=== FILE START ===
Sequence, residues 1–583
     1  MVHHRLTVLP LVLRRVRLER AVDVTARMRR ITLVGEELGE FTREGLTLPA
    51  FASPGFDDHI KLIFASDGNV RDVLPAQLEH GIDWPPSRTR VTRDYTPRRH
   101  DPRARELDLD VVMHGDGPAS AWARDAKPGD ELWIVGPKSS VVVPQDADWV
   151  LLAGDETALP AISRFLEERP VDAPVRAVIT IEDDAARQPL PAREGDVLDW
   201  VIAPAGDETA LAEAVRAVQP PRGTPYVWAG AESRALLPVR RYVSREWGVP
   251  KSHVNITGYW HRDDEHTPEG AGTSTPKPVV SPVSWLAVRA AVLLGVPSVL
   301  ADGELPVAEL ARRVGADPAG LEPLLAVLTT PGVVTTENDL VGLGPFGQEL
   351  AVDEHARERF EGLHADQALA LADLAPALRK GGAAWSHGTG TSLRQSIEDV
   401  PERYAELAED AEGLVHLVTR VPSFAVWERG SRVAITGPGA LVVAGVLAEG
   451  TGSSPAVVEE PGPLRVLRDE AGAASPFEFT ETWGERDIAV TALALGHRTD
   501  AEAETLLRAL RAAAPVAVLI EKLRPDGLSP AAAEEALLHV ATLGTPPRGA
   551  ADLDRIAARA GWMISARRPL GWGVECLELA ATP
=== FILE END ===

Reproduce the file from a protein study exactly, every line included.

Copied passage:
Sequence, residues 1–583
     1  MVHHRLTVLP LVLRRVRLER AVDVTARMRR ITLVGEELGE FTREGLTLPA
    51  FASPGFDDHI KLIFASDGNV RDVLPAQLEH GIDWPPSRTR VTRDYTPRRH
   101  DPRARELDLD VVMHGDGPAS AWARDAKPGD ELWIVGPKSS VVVPQDADWV
   151  LLAGDETALP AISRFLEERP VDAPVRAVIT IEDDAARQPL PAREGDVLDW
   201  VIAPAGDETA LAEAVRAVQP PRGTPYVWAG AESRALLPVR RYVSREWGVP
   251  KSHVNITGYW HRDDEHTPEG AGTSTPKPVV SPVSWLAVRA AVLLGVPSVL
   301  ADGELPVAEL ARRVGADPAG LEPLLAVLTT PGVVTTENDL VGLGPFGQEL
   351  AVDEHARERF EGLHADQALA LADLAPALRK GGAAWSHGTG TSLRQSIEDV
   401  PERYAELAED AEGLVHLVTR VPSFAVWERG SRVAITGPGA LVVAGVLAEG
   451  TGSSPAVVEE PGPLRVLRDE AGAASPFEFT ETWGERDIAV TALALGHRTD
   501  AEAETLLRAL RAAAPVAVLI EKLRPDGLSP AAAEEALLHV ATLGTPPRGA
   551  ADLDRIAARA GWMISARRPL GWGVECLELA ATP